# 6Error Analysis Basics

## 6.1 Floating point

Most floating point numbers are essentially normalized scientific notation, but in binary. A typical normalized number in double precision looks like $(1.b_1 b_2 b_3 \ldots b_{52})_2 \times 2^{e}$ where $$b_1 \ldots b_{52}$$ are 52 bits of the significand that appear after the binary point. In addition to the normalize representations, IEEE floating point includes subnormal numbers (the most important of which is zero) that cannot be represented in normalized form; $$\pm \infty$$; and Not-a-Number (NaN), used to represent the result of operations like $$0/0$$.

The rule for floating point is that “basic” operations (addition, subtraction, multiplication, division, and square root) should return the true result, correctly rounded. So a Julia statement

# Compute the sum of x and y (assuming they are exact)
z = x + y

actually computes $$\hat{z} = \operatorname{fl}(x+y)$$ where $$\operatorname{fl}(\cdot)$$ is the operator that maps real numbers to the closest floating point representation. For numbers that are in the normalized range (i.e. for which $$\operatorname{fl}(z)$$ is a normalized floating point number), the relative error in approximating $$z$$ by $$\operatorname{fl}(z)$$ is smaller in magnitude than machine epsilon; for double precision, $$\epsilon_{\mathrm{mach}} = 2^{-53} \approx 1.1 \times 10^{-16}$$; that is, $\hat{z} = z(1+\delta), \quad |\delta| \leq \epsilon_{\mathrm{mach}}.$ We can model the effects of roundoff on a computation by writing a separate $$\delta$$ term for each arithmetic operation in Julia; this is both incomplete (because it doesn’t handle non-normalized numbers properly) and imprecise (because there is more structure to the errors than just the bound of machine epsilon). Nonetheless, this is a useful way to reason about roundoff when such reasoning is needed.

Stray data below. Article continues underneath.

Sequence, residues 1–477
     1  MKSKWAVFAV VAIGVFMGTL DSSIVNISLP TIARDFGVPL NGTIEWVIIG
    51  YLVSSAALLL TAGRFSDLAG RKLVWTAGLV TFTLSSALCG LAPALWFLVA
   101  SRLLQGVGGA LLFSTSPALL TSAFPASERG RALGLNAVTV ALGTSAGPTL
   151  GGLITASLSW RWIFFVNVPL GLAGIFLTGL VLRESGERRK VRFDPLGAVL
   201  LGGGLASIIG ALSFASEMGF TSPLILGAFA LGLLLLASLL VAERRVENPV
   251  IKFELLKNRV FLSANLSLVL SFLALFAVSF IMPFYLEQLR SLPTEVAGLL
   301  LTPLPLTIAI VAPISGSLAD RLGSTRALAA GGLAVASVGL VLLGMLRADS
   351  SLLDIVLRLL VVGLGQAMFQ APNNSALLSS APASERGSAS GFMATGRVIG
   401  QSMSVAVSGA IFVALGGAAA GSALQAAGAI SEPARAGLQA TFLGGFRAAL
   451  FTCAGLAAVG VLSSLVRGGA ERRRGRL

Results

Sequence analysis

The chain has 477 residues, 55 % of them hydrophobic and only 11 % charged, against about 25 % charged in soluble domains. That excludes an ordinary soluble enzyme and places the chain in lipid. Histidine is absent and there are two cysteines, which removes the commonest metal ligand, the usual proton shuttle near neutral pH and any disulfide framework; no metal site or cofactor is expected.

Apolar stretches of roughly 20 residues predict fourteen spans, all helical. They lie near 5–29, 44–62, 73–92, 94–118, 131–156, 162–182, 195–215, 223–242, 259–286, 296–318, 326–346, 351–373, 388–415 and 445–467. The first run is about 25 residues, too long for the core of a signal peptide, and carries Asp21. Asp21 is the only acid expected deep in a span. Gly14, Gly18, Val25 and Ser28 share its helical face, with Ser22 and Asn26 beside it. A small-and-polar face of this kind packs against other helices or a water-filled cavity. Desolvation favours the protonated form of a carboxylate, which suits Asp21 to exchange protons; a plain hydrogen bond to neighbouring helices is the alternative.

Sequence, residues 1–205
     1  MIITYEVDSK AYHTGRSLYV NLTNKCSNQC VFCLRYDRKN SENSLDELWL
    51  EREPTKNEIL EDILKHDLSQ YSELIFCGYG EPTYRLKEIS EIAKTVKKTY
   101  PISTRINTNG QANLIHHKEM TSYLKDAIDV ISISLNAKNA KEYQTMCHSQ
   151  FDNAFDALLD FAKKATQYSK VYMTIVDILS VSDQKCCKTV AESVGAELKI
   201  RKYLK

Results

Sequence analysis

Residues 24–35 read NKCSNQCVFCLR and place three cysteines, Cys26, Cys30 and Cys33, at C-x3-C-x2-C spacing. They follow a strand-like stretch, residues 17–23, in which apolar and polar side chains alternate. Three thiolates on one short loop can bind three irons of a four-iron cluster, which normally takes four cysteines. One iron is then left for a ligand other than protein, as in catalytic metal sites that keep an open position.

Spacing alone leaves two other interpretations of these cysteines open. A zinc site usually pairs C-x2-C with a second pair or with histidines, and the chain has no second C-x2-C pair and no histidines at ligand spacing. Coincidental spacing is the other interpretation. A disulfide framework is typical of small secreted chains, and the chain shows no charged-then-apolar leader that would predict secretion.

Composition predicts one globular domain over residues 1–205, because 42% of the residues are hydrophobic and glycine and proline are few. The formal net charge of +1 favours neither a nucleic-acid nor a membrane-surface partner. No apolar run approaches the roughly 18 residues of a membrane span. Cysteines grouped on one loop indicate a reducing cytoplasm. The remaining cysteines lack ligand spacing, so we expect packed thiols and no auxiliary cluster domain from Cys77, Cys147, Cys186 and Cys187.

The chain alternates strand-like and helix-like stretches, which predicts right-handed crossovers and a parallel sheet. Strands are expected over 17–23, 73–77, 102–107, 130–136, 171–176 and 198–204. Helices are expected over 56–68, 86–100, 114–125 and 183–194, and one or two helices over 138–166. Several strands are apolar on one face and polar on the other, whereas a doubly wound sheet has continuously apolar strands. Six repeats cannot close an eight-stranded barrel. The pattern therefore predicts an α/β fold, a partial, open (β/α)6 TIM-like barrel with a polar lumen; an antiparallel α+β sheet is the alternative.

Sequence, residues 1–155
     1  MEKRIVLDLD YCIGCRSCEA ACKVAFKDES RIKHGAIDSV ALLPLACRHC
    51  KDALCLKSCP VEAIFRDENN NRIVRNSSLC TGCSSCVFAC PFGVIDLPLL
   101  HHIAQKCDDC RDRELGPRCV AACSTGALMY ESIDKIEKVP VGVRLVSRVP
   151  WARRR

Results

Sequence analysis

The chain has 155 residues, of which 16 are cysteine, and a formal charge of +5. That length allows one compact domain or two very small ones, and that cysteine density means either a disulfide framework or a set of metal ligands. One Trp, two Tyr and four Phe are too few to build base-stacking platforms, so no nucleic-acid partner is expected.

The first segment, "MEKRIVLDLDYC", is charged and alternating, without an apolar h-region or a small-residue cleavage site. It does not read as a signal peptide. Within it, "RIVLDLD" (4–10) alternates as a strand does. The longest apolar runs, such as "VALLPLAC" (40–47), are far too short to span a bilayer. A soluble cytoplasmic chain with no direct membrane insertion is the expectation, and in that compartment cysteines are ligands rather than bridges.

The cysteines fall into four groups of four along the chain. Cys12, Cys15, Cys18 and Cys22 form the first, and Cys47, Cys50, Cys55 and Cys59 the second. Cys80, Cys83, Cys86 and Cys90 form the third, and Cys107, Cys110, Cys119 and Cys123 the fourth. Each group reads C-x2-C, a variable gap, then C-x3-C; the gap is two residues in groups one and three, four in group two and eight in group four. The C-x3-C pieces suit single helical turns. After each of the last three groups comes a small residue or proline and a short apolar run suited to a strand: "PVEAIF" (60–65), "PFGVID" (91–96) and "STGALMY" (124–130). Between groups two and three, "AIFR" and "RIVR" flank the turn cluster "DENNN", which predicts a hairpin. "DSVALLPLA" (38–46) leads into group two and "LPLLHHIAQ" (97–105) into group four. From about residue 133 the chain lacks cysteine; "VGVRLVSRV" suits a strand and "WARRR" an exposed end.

## 6.2 Sensitivity, conditioning, and types of error

In almost every sort of numerical computation, we need to think about errors. Errors in numerical computations can come from many different sources, including:

• Roundoff error from inexact computer arithmetic.
• Truncation error from approximate formulas.
• Termination of iterations.
• Statistical error.

There are also model errors that are related not to how accurately we solve a problem on the computer, but to how accurately the problem we solve models the state of the world.

There are also several different ways we can think about errors. The most obvious is the forward error: how close is our approximate answer to the correct answer? One can also look at backward error: what is the smallest perturbation to the problem such that our approximation is the true answer? Or there is residual error: how much do we fail to satisfy the defining equations?

For each type of error, we have to decide whether we want to look at the absolute error or the relative error. For vector quantities, we generally want the normwise absolute or relative error, but often it’s critical to choose norms wisely. The condition number for a problem is the relation between relative errors in the input (e.g. the right hand side in a linear system of equations) and relative errors in the output (e.g. the solution to a linear system of equations). Typically, we analyze the effect of roundoff on numerical methods by showing that the method in floating point is backward stable (i.e. the effect of roundoffs lead to an error that is bounded by some polynomial in the problem size times $$\epsilon_{\mathrm{mach}}$$) and separately trying to show that the problem is well-conditioned (i.e. small backward error in the problem inputs translates to small forward error in the problem outputs).

We are often concerned with first-order error analysis, i.e. error analysis based on a linearized approximation to the true problem. First-order analysis is often adequate to understand the effect of roundoff error or truncation of certain approximations. It may not always be enough to understand the effect of large statistical fluctuations.